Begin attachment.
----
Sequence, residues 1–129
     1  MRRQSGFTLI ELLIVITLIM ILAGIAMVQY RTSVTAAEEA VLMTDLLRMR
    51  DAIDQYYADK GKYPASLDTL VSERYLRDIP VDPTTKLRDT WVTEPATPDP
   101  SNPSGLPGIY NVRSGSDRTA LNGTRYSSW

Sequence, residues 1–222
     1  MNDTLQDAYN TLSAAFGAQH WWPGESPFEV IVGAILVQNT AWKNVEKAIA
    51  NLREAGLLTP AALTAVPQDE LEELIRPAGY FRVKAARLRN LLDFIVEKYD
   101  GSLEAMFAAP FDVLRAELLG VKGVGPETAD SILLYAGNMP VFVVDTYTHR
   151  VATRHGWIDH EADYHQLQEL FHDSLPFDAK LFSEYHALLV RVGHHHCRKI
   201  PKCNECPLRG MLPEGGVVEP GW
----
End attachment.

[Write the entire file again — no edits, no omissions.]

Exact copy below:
Sequence, residues 1–129
     1  MRRQSGFTLI ELLIVITLIM ILAGIAMVQY RTSVTAAEEA VLMTDLLRMR
    51  DAIDQYYADK GKYPASLDTL VSERYLRDIP VDPTTKLRDT WVTEPATPDP
   101  SNPSGLPGIY NVRSGSDRTA LNGTRYSSW

Sequence, residues 1–222
     1  MNDTLQDAYN TLSAAFGAQH WWPGESPFEV IVGAILVQNT AWKNVEKAIA
    51  NLREAGLLTP AALTAVPQDE LEELIRPAGY FRVKAARLRN LLDFIVEKYD
   101  GSLEAMFAAP FDVLRAELLG VKGVGPETAD SILLYAGNMP VFVVDTYTHR
   151  VATRHGWIDH EADYHQLQEL FHDSLPFDAK LFSEYHALLV RVGHHHCRKI
   201  PKCNECPLRG MLPEGGVVEP GW